2 Answers | Add Yours
The ambiguity of Pearl's background is a clever topic to add to the supernatural accents that surround the atmosphere ofThe Scarlet Letter.
First, in chapter 6 Pearl is surreptitiously described as
...that little creature, whose innocent life had sprung, by the inscrutable decree of Providence, a lovely and immortal flower, out of the rank luxuriance of a guilty passion.
This gives Pearl an air of mysticism that reminds the reader that Pearl's existence is a product of sin and fate: have these two elements combined to create an altogether different creature?
Even Hester seems intimidated by Pearl. This is what leads her to ask Pearl whether she is her daughter, and who sent her to her. To this, Pearl responds by asking her mother to tell her the answer herself. When Hester talks about Pearl being sent from "Our Heavenly Father", Pearl answers a very surprising
He did not send me! cried she positively. I have no Heavenly Father!
This statement reinforces the Puritan idea that children that are illegitimate are what the villagers called a "demon offspring".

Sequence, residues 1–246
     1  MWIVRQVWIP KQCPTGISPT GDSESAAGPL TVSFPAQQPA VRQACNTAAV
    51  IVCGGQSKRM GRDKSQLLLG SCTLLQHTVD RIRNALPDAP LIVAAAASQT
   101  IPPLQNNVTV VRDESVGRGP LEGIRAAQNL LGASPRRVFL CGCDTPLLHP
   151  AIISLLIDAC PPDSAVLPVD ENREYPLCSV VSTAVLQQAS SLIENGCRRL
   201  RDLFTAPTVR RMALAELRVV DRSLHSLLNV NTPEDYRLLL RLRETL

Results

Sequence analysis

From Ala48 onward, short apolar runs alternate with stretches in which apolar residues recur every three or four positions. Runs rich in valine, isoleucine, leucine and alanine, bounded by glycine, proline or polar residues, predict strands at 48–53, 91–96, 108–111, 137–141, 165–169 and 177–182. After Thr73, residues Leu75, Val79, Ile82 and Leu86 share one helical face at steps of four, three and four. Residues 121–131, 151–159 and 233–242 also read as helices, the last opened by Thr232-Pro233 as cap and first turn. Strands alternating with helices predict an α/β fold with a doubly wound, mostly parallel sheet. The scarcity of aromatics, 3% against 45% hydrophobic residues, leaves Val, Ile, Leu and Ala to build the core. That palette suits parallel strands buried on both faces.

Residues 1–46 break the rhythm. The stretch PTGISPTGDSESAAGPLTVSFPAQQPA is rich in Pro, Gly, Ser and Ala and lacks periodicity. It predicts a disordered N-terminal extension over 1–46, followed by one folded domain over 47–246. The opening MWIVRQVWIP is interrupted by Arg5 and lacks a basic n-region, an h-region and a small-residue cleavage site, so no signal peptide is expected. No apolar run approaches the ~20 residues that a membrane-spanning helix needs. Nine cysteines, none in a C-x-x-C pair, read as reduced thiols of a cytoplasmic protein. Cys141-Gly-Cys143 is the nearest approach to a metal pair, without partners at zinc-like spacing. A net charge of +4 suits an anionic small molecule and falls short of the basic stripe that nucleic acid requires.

Second, this ambiguity also makes Pearl seem even more enigmatic. In chapters 7 and 8, during Hester's visit to the magistrate, Pearl demonstrates that she is not a typical child. She taunts and teases the magistrates by answering questions with strange answers. She continuously also taunts Hester and the scarlet letter on her bosom. It is as if the ambiguity of her birth is correlated to the oddity of her behavior.
These facts make the reader wonder what are Pearl's true intentions behind her behavior: has she been sent from "beyond" to punish Hester? Is she, indeed, an elf-child? Only after the truth is finally known is that Pearl resumes a normal life.
Pearl was born out of wedlock by Hester. In the 16th Century, the Puritans strongly denounced child birth before marriage and considered it a sin. That is the reason that Hester wears a scarlet letter. Hester also lives away from the town to show that the Puritanical church denounces such behavior.
We’ve answered 317,922 questions. We can answer yours, too.Ask a question